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jwc

Bass horn ideas again. A possible build. Need criticism.

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Super. Now that is simplicity. Makes for simple construction.

Non ported I assume.

Now what I know with the AES paper and what you have provided, I can visualize the build. thanks Dana.

Now I would just need to figure out the flare/ramps to the first turn. This would also have an impact on how far apart exactly the slots are from each other. I think I would need to reread the AES paper again and figure that one out. The throat from your suggestion is slightly different size. I like it.

If you feel solid on how to do a port...throw it out there.

Man..this is coming together.

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Here's the deal with the initial throat expansion ...

1) it is so short that virtually any configuration will work, as long as it is sealed (air tight). I actually don't think that it can be screwed up - its too short of a run in a restricted space, as long as you stay symetrical. The throat layout needs vertically oriented openings, of course. I would say the MINUMUM vertical dim. is 9" to a MAXIMUM of 10-1/2". The MAX width of each opening is dictated by the depth of the throat channel at the throat which is approx. 2.5", so 2.5+2.5 (bifurcated) = 5" maximum width, or you will increase the chance of overloading the throat, increasing distortion. If you are going for a central port, then you will want to use the shorter vertical dimension in order to make room, of course.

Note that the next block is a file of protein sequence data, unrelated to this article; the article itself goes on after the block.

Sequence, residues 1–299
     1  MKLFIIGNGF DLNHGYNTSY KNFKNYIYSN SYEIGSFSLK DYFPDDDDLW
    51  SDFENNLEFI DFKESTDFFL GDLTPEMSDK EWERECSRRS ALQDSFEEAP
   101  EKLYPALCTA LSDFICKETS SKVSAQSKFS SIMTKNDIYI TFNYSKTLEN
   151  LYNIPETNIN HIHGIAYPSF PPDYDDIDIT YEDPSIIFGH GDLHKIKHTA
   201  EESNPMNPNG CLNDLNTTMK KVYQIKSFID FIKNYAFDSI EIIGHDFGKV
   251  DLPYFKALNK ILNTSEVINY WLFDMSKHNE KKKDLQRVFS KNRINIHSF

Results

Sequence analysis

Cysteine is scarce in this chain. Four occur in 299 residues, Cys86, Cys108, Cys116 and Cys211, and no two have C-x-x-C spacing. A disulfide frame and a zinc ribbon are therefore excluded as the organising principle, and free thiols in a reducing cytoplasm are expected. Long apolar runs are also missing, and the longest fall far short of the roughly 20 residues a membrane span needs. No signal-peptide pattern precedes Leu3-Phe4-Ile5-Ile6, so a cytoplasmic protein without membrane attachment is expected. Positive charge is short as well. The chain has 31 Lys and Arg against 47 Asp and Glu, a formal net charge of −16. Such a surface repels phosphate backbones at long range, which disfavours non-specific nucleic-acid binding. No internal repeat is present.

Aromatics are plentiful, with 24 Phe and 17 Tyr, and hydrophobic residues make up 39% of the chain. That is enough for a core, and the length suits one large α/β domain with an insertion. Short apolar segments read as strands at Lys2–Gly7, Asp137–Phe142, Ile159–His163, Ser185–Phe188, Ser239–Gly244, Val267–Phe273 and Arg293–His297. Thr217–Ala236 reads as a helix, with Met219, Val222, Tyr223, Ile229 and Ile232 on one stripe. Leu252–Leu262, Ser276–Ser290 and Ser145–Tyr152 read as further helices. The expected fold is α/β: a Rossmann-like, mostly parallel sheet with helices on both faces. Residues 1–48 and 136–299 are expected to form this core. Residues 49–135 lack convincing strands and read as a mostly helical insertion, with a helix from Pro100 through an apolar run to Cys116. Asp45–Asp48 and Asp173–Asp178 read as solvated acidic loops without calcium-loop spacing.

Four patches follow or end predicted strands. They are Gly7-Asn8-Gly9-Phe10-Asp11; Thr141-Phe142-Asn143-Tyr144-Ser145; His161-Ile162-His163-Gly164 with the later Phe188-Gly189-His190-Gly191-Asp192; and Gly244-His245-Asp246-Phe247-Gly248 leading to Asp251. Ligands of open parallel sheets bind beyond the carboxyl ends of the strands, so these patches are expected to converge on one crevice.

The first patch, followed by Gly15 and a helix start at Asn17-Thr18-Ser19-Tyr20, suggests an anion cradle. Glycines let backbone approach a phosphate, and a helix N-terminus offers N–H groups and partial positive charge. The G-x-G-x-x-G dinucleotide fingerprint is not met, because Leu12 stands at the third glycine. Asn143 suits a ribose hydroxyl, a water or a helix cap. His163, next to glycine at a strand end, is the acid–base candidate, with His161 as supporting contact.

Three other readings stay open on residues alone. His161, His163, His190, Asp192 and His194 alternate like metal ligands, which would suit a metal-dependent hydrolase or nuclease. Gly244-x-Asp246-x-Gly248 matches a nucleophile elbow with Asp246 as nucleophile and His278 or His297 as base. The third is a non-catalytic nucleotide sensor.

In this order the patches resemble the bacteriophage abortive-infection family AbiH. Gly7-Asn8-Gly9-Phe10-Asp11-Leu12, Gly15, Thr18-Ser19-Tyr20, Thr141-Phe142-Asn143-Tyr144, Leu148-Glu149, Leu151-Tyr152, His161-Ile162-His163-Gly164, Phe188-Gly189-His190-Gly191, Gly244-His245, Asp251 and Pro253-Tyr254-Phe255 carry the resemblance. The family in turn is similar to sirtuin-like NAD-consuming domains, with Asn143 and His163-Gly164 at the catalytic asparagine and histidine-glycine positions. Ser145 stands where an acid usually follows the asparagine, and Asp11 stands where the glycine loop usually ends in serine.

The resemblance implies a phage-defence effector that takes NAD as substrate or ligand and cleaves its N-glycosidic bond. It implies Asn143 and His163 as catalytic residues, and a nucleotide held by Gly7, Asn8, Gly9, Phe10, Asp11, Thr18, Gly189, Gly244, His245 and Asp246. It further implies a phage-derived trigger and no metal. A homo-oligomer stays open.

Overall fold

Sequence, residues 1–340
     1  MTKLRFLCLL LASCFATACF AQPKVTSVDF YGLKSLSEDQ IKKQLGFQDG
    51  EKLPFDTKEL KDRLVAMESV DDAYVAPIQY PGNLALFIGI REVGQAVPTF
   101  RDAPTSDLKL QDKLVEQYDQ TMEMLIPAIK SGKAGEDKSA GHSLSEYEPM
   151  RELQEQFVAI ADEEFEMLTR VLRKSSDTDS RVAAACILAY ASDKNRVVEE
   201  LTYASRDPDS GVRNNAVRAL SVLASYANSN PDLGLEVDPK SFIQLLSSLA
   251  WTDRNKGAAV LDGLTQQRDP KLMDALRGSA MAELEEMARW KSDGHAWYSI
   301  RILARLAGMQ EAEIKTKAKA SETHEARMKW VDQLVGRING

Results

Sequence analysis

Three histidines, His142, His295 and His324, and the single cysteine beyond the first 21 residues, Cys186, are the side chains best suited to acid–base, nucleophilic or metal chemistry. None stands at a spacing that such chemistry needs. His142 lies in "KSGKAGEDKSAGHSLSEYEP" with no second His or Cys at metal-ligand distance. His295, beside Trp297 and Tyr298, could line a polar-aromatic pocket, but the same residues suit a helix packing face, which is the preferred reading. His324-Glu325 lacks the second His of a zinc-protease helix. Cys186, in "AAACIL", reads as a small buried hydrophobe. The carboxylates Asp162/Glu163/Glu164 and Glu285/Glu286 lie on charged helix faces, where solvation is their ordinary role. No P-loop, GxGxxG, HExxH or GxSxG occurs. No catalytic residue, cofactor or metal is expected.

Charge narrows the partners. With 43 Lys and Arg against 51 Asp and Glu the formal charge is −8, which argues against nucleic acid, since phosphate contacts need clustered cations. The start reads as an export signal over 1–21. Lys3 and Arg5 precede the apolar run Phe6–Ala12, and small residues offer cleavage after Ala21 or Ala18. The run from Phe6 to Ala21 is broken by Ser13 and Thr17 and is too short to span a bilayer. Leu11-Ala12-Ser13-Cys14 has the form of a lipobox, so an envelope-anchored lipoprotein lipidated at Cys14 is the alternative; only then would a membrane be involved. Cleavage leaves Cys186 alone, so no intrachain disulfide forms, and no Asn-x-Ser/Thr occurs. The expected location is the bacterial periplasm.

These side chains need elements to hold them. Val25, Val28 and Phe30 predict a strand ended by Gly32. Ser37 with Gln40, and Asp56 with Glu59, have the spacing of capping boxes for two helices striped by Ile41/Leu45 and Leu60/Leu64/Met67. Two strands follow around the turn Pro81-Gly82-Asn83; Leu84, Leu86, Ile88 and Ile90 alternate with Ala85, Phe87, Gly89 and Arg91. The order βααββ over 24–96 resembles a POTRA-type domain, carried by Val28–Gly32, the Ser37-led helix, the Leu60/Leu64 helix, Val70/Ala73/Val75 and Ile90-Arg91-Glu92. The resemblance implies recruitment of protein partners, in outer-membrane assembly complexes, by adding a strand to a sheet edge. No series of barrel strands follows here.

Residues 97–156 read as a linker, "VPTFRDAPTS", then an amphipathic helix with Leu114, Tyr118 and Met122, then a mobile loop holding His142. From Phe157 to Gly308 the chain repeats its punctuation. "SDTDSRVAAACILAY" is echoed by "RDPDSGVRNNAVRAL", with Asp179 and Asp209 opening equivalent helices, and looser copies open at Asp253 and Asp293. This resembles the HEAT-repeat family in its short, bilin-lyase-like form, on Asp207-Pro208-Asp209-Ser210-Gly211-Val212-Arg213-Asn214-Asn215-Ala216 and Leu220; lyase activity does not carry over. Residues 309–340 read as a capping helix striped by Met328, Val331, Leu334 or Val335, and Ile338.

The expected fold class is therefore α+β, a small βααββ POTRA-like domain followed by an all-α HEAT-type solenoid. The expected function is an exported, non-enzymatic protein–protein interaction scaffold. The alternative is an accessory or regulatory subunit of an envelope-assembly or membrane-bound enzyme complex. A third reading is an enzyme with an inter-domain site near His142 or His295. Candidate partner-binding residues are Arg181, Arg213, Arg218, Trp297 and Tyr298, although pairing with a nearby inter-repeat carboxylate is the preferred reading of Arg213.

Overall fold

2) If you want a slower expansion rate at the throat, increase the long dimension of the opening to 10.5" max. the flare of the channels will magically follow. Will it hurt anything? NO. There is not a whole lot of difference in 1.5" per opening of vertical difference and about 6 sq. inches of overall area per driver. 6 sq. inches ain't nothin.

Whether you want the largest throat opening depends on the driver you choose... however, the 45 sq. in is a good safe bet. Do not go much smaller than about 30 sq. inches each opening. So the safe bet on largest size openings are 55 sq. in. each (total 110 sq. in.) to a minimum of 27 sq. in. each (total 54 sq. in.).